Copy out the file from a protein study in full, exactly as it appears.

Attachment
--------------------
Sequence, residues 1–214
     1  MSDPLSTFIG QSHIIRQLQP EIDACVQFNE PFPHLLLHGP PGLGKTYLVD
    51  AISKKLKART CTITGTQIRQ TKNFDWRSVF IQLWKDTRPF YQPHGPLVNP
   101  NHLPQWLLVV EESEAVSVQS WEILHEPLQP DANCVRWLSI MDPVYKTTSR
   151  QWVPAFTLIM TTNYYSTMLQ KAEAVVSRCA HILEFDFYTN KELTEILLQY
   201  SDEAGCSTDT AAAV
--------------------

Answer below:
Sequence, residues 1–214
     1  MSDPLSTFIG QSHIIRQLQP EIDACVQFNE PFPHLLLHGP PGLGKTYLVD
    51  AISKKLKART CTITGTQIRQ TKNFDWRSVF IQLWKDTRPF YQPHGPLVNP
   101  NHLPQWLLVV EESEAVSVQS WEILHEPLQP DANCVRWLSI MDPVYKTTSR
   151  QWVPAFTLIM TTNYYSTMLQ KAEAVVSRCA HILEFDFYTN KELTEILLQY
   201  SDEAGCSTDT AAAV